3. We've had a client approach us requesting an AMS and TPP as a pre-commencement condition. No tree survey, so nothing out of the ordinary so far 🤦‍♂️ The approved proposal is for a new garage which looks to encroach on a number of TPO trees. Obviously the condition states how the TPO trees are to be retained and protected from damage and so on. I haven't visited site yet but the approved garage is 2 metres from a mature tree on top of a bank. This bank will be dug down 800mm first so the levels match up. My first thought is that we can only really go in as damage limitation - fence off the remaining ground and hope for the best. My main concern with this is what if it transpires that one or more of these trees will lose so much of their RPA to new excavations they can't reasonably or safely be retained. Would its now-expedited removal fall into the realm of T&CP Regs 2012 Section 14.1(a)(vii) "so far as such work is necessary to implement a planning permission"? As such should we simply prepare the AMS and TPP showing removal of those trees considered necessary and 'hope' the LPA approve it? There must be a better approach, even at this late stage. It'd be interesting to hear how other folks mediate between what looks like an unstoppable force and an immovable object. Cheers
  4. Timberwolf Manufacturers no is SBXTW22A 1HS220082. Cheers!
  5. No photos sadly! Distinctive features are in the first post. We've also put a post up on Facebook, I completely agree with you re: social media! Thanks for the advice.
  6. Thanks chaps. I've put it on Arborists Online. Any other good pages to share it on? Cheers
  7. Stolen around 7pm this evening (with a set of climbing gear and several Stihl saws) from the Bath/NW Wiltshire area, an almost new and very clean Timberwolf 160PH woodchipper. Distinguishing features are no Timberwolf stickers of any kind on it, and the regulator has been housed inside a small clear tupperware box to help against water ingress (just below the ignition key area) Also, the reflector brackets on the rear mudguards have been removed and replaced with a single reflector screwed directly into the mudguard. Wiltshire police crime number is 54190 013920 Any information please call Daniel on 07814076985, or reply/pm me here. Thanks!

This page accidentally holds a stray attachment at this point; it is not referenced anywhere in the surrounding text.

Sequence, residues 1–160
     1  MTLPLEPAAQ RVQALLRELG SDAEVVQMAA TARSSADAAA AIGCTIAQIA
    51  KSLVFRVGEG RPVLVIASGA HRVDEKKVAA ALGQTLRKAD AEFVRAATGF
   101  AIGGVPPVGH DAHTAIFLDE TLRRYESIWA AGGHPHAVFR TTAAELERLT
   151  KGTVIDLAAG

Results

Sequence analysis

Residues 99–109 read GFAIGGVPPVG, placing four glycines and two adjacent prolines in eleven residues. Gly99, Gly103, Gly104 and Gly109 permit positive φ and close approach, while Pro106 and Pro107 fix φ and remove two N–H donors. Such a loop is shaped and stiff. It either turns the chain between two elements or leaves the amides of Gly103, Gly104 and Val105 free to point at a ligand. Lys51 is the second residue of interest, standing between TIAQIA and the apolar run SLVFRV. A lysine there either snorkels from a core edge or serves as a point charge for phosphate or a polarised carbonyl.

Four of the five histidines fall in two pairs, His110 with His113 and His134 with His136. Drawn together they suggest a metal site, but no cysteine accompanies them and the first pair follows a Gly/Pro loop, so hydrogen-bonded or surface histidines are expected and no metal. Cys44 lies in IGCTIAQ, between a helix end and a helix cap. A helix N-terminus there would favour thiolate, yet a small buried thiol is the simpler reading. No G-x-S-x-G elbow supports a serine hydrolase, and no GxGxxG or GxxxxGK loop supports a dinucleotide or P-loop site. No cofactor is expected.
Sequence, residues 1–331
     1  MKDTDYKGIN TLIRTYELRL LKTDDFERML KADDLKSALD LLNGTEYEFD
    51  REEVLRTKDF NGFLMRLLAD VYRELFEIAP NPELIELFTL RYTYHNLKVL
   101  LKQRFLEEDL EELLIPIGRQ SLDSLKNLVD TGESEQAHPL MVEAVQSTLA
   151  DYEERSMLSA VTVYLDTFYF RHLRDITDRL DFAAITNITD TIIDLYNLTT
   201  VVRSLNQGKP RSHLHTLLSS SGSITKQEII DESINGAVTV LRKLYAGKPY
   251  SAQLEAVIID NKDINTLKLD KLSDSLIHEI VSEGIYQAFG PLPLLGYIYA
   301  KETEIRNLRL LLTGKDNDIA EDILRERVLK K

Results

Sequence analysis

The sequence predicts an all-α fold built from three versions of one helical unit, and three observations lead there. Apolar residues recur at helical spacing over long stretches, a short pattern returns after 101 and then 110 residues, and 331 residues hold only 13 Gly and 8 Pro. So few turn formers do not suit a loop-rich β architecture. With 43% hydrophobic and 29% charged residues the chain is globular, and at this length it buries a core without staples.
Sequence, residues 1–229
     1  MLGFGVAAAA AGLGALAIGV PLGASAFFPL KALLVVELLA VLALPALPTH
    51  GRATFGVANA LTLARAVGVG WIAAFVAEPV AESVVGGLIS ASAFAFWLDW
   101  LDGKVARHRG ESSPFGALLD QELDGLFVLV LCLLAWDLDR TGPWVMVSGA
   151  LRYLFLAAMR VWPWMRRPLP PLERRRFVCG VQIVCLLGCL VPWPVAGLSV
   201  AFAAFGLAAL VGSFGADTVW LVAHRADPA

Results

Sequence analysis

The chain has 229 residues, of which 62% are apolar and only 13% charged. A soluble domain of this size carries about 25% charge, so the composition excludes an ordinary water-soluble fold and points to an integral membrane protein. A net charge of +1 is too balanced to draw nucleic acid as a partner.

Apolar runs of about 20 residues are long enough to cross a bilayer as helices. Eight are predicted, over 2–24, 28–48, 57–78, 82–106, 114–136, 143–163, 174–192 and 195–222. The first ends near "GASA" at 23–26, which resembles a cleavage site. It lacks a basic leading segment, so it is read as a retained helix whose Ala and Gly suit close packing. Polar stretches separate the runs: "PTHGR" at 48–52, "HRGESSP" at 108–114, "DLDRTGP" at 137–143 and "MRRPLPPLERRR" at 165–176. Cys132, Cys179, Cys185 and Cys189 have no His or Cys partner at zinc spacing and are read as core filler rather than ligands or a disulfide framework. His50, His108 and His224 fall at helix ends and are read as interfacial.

8. Alnus subcordata, Caucasian alder? The leaves are more oblong. What do the underside of the leaves look like? Orangey tufts under the vein joints would likely mean Italian, but if they are generally hairy underneath then it may be Caucasian.
  9. A remarkable Yew tree in a churchyard near sevenoaks
  10. I'm keen to make a start on the level 6 next year. I did the Tech Cert a few years back and as such I haven't done the plant portfolio. Would it be beneficial to make a start on this and do it in my own time while waiting for the next uptake? If so what's the general layout and what sort of things do they ask for in it?
  11. I use that rule of thumb as well. I have rubber mushroom shaped plugs on a cord tied to either side of my lid with the same SNR as the muffs (around 28) great for stop-start cutting work, especially in hot weather. I double up for things like logging. For all day chipper-thons or big saw logging I often switch to foam plugs with 38 SNR and the defenders on top. I read a few articles that said wearing both will not give you the sum of both the SNR ratings, more like 5-10 on top of the most effective one.
  12. You may well be right, if you look on their gallery they've got photos of the 'Stein bollard'
  13. Perhaps this will be of use Vibram.info
  14. High Hedges requires at least two evergreen or semi-evergreen trees next to eachother which are then blocking significant amounts of sunlight from key living areas, but there is no 'law' within it that requires they be taken down, just reduced and maintained to an 'action hedge height' The Prescriptions act 1832 (the closest you'll get to 'right to light') I believe was put together to stop businesses being affected by lack of sunlight in times where there was little in the way of artificial light. For example if someone had a loom by a window and a neighbour came along and built in front of said window, blocking out the light. Nonetheless I'm pretty sure it does not apply to trees, unless you put them in last week with a tree-spade Are the trees overhanging the neighbours property? Edit: didn't see 10 bears post
  15. All round very unpleasant Here's the Arbtalk relevant part: